Would it make you feel bad if I dashed some of your closely held illusions today? Thanks, I think I will.
I was so happy to see “Separation of Church and State” in some of the comments yesterday.
Good lord, we toss that phrase around like it came down on a tablet from Heaven.
Alright, group challenge: Go find that phrase in the Constitution.
I’ll wait; go ahead.
Didn’t find it, did you? That’s probably because it’s NOT IN THE CONSTITUTION. The term “separation of church and state” was used in a lettter written by Thomas Jefferson, and the context of the phrase was that he was trying to protect religion from the government, not the other way around. “The Government shall establish no religion.” The reason he felt a need to express this thought was that in England, the government had decided to establish the Church of England, and then fund it, which meant that Catholics were getting money from the government, and the anglicans weren’t. And since the vast majority of the founding fathers were Anglicans, it was a pretty hot topic of the day.
The founding documents of the United States were never intended to govern individuals. They are the rules for the government. We don’t have a national religion. The government doesn’t fund any particular church. So, I’d say the Constitution is being upheld quite nicely, and then some. So, politicians that believe in God can’t talk about it? That’s just idioted. They have just as much right to their opinions as you. And so long as they don’t start funding churches or establishing a national religion, then we won’t have a problem.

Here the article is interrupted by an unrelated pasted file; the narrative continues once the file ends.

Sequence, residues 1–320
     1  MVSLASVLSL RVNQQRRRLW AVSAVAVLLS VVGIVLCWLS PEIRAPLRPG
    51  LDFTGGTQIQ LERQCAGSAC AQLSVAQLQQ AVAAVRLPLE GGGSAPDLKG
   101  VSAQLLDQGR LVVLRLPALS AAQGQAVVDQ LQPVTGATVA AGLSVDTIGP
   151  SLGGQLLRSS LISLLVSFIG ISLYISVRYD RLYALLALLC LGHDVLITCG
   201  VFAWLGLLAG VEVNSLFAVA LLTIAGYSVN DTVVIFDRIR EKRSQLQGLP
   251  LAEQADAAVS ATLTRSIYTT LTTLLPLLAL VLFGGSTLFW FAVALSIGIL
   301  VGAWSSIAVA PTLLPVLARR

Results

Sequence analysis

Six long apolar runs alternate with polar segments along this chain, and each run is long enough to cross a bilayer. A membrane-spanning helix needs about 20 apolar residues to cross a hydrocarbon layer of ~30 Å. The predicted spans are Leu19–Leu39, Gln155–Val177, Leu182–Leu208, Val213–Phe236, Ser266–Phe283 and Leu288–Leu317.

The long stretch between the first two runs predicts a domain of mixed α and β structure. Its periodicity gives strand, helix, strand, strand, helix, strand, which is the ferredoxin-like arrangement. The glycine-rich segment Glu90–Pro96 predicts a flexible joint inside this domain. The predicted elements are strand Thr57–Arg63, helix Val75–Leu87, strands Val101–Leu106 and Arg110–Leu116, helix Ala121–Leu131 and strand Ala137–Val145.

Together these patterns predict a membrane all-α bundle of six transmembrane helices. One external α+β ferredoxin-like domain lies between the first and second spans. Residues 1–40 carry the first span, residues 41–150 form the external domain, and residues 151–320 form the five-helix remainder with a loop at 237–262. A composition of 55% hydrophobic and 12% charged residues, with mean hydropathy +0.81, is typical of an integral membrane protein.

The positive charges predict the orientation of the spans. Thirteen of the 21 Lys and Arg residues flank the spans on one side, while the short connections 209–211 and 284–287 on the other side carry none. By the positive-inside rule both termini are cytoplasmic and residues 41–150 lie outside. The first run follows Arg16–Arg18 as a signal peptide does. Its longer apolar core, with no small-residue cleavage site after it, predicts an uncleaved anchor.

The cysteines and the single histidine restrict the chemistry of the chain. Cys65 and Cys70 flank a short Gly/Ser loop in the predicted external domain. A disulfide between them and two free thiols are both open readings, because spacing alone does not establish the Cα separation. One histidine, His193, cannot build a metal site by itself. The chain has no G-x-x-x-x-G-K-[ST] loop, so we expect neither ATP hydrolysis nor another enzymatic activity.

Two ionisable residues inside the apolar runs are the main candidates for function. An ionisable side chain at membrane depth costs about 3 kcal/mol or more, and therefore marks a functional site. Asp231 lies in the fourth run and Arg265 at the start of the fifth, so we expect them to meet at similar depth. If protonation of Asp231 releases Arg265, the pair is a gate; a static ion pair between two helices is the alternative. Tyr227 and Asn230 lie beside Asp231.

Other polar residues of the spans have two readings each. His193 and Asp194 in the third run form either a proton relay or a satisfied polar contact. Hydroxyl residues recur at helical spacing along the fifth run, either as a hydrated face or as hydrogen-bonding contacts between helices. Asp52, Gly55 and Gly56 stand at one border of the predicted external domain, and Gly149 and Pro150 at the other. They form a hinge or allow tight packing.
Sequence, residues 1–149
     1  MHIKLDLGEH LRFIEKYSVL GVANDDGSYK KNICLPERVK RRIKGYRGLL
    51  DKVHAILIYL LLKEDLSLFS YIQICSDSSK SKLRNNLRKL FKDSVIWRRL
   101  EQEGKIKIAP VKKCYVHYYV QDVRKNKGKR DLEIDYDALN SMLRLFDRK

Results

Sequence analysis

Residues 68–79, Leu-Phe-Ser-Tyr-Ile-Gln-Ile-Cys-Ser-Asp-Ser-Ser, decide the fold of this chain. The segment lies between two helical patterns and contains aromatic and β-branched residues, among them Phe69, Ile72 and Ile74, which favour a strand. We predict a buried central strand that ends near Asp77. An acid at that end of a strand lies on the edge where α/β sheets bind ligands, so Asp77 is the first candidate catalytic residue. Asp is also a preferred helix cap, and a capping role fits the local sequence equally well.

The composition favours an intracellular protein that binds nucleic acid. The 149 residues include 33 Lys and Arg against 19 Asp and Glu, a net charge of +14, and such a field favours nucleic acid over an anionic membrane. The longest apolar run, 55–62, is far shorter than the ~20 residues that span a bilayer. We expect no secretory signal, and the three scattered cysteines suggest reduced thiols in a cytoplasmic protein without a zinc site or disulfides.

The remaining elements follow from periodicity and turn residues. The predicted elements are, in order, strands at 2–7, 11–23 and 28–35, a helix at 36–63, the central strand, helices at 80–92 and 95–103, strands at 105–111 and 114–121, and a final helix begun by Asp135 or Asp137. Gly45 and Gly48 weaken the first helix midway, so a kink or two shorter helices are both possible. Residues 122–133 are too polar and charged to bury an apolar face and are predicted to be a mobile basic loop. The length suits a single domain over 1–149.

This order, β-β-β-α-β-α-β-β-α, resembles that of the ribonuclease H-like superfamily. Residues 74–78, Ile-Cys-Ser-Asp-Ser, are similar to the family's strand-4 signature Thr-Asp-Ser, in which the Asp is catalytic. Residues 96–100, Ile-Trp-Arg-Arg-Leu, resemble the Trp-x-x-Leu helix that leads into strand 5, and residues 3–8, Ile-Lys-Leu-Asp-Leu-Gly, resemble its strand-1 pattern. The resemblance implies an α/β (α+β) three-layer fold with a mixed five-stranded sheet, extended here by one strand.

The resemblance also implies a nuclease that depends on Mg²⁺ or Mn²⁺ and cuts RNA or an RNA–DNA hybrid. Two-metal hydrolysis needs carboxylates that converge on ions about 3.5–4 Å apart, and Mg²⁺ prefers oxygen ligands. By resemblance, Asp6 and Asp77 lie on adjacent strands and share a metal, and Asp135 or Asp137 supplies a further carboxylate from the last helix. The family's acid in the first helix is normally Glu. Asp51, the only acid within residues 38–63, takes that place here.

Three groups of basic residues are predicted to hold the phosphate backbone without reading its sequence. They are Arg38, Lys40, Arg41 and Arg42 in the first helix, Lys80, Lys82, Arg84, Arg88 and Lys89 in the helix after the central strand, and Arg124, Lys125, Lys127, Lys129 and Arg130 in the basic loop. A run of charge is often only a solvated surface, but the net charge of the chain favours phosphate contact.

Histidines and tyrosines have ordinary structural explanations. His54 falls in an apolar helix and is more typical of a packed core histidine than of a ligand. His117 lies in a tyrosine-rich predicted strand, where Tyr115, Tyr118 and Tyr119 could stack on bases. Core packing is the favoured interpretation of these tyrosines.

And on to another closely held, incorrect belief.
You have no Constitutional “right to privacy.” Go ahead and look…
Didn’t find it, did you? That’s because it’s NOT IN THE CONSTITUTION.
You have protection from illegal search and seizure. But that’s it.
Congress banned partial birth abortion. Activist judges have overturned that congressional action in almost every state by citing that it “violates a woman’s right to privacy.” Which is not a right granted by the Constitution. Which means that judges are making it up as they go along.
You can try to argue it any way you like, but you can’t make a Constitutional case for either of those concepts.
So knock yourselves out, oh wise ones.